Livid Jeans is a one hundred percent handmade denim brand. Jens Olav Dankersen founded the brand in Trondheim, Norway in May 2010 with a focussed vision to become the leading custom jeans maker of Scandinavia. Three years down the road, Livid Jeans is introducing online sales of their Handmade Line, crafted with love and care by Jens Olav himself. ''All jeans from the Handmade Line are created locally at our own factory, on old one hundred percent non-automated machinery, which demands that we use our hands a lot at every stage of the production. The machines are old but strong, and they sew beautifully".
Recently, Livid have started a Retail line, which is a collection of denim limited to four hundred pairs. What makes this line a little more special is that the designers will also be running a project called “The Inside Story” in connection with it, which will document each wearer’s journey.
Where are Livid Jeans produced?
Products from our retail line are created in a small family owned factory in Barcelos, Portugal by only five people, and crafted on non-automated industrial machines. Products from our handmade line are made locally at our factory floor in Trondheim, Norway. They've only ever been touched by four hands, and we hand-make them on non-automated industrial machines.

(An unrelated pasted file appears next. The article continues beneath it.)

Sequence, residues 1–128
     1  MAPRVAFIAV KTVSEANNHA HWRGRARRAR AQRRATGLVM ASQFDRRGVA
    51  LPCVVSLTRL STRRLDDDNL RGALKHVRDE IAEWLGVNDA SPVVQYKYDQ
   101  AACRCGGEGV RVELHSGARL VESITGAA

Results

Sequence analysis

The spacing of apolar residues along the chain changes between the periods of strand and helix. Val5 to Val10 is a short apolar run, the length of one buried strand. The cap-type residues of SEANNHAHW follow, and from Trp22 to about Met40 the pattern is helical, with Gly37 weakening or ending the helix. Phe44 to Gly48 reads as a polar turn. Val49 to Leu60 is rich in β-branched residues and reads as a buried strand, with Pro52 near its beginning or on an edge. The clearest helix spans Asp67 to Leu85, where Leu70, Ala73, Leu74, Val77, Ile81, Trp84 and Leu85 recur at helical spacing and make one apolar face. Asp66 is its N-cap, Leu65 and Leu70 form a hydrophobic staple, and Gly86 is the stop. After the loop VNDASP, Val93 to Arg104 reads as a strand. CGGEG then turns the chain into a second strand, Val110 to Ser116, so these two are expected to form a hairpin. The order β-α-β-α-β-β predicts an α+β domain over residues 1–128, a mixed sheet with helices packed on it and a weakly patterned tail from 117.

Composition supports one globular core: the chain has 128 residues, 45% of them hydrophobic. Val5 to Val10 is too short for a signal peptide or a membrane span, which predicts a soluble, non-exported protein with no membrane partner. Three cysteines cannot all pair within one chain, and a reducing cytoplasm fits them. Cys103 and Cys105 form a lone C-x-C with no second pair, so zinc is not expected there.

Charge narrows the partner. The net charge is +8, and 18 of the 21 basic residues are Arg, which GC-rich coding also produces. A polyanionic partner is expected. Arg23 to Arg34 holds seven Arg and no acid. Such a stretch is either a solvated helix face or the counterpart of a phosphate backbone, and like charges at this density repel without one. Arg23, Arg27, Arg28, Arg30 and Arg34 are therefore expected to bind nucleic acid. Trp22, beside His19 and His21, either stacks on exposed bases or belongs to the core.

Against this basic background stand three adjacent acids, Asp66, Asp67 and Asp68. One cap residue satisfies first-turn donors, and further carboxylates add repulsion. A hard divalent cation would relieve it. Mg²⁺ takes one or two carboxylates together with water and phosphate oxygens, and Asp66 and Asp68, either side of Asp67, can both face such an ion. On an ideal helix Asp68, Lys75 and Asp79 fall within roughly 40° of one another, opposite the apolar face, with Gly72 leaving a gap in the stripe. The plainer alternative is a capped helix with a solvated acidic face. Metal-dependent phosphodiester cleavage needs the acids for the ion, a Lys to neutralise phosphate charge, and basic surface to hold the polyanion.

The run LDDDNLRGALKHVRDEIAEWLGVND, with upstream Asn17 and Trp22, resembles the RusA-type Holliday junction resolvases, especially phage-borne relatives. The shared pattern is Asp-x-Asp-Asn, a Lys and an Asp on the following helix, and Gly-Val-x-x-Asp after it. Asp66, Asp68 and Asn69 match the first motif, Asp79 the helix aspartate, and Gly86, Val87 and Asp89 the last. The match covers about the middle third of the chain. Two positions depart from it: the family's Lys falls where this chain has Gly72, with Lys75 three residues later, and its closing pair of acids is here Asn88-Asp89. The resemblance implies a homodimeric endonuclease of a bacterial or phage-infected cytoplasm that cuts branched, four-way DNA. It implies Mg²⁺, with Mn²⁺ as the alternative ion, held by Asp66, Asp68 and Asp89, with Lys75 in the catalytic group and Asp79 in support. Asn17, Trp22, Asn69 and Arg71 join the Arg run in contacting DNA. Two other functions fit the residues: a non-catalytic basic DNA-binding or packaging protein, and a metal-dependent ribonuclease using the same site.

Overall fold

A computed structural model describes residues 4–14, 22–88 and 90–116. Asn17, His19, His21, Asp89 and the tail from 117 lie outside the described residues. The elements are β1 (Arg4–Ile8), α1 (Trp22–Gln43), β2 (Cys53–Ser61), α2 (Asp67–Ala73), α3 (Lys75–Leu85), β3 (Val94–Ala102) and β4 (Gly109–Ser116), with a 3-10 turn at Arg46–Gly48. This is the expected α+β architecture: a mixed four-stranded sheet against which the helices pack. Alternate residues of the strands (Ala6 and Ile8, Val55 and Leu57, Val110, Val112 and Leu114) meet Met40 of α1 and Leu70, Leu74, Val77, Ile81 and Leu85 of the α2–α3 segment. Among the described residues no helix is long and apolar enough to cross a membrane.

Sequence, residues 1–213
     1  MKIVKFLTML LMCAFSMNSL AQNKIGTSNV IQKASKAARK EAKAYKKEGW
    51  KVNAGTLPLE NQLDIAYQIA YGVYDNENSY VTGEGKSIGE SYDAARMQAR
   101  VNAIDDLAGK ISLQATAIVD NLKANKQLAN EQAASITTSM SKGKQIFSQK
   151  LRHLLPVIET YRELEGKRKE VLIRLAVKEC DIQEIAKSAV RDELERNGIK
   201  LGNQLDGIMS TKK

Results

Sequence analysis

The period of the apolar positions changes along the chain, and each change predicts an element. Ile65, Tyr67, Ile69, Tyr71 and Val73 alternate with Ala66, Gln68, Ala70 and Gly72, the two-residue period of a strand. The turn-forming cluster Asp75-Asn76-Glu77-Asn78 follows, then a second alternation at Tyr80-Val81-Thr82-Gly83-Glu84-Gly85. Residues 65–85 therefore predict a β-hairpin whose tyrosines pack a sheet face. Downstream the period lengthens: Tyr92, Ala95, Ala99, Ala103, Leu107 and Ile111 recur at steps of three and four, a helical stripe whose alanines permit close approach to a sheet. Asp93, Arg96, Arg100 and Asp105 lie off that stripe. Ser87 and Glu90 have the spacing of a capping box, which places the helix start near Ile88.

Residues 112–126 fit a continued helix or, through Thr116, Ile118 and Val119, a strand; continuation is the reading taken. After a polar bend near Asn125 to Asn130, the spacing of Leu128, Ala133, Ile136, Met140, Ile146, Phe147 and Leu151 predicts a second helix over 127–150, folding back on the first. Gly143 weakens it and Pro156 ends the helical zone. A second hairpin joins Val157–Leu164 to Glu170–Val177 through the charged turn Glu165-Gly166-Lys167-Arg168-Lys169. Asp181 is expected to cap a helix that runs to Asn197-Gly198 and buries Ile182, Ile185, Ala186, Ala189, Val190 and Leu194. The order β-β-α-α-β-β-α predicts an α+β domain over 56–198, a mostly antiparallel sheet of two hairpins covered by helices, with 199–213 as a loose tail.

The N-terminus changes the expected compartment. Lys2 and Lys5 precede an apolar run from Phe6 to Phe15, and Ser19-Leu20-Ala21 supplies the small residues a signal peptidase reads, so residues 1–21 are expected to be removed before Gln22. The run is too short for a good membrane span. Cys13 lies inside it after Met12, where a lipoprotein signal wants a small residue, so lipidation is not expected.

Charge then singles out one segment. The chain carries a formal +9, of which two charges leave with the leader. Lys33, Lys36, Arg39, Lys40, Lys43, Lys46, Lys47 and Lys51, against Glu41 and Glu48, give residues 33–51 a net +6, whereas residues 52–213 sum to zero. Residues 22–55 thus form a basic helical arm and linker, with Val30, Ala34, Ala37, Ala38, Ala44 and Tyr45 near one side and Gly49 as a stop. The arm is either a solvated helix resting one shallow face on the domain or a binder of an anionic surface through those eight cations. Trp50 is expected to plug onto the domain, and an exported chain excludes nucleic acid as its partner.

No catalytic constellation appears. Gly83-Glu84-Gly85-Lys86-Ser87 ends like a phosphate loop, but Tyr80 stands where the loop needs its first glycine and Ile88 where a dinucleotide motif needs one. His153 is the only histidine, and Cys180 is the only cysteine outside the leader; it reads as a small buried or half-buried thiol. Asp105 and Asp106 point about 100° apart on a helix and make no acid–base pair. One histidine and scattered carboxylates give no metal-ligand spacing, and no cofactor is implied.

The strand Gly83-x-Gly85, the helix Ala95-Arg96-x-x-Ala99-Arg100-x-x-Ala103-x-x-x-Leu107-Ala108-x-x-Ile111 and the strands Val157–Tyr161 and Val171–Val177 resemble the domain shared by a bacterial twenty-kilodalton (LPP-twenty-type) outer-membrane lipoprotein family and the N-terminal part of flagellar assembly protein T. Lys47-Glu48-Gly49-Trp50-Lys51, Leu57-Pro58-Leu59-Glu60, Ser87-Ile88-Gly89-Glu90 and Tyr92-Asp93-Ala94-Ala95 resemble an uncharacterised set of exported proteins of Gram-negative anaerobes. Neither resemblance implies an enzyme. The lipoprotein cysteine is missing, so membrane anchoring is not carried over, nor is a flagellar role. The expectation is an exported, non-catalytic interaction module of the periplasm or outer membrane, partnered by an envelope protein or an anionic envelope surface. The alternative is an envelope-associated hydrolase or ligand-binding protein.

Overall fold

What kind of fabrics do you use?
For our retail line, we only use premium narrow shuttle loom selvage denim and wide loom non-selvage denim from Japan and Turkey. For our handmade line, we use narrow shuttle loom selvage qualities from Cone Mills, North Carolina, USA. Everything we make in-house is cut from Cone Mills denim. Our Japanese fabrics are currently only used in the retail line, but we’re looking into using some here as well. The thing with Cone Mills denim is that it’s a very tight weave, so it takes longer to show signs of wear. The Japanese fabric is a looser weave, so it tends to tear a little more quickly, but when I sell a pair of Livid's, there’s a lifetime guarantee. I’ll repair them for free. If it needs to be sent in, the shipping costs are still in place, but the repair itself is free.
We’re currently doing some washes for our next summer collection, based on a wear-and-tear concept called “The Inside Story”. We’ll basically be replicating true-to-life wear and tear. If one of my friends came in wearing a pair of Livids, and I saw them and thought “I want to reproduce that look”, I would send the jeans to Portugal and they would replicate it. Then we’d take the story of how the garment came to look the way it does, and we’d print it on the inside pocket. Every wash from Livid will have a story behind it, making it a more authentic product. Each wash will have meant something to somebody, and will have taken a long time to create.
Does your brand include designs for women?
We are working on a woman’s fit. It’s actually going to be unisex, so we’re working with some stretch fabrics, because it’s so hard to sell unisex jeans in one hundred percent cotton. We have to use some commercial fabrics as well, with a stretch to them. Not too much, just for comfort, but we will still be using selvage denim. I think it’s impossible to use the same fabrics for women’s jeans as with men’s normally. If a woman prefers a boyfriend fit, our models Jakob and Edvard may do the trick for now.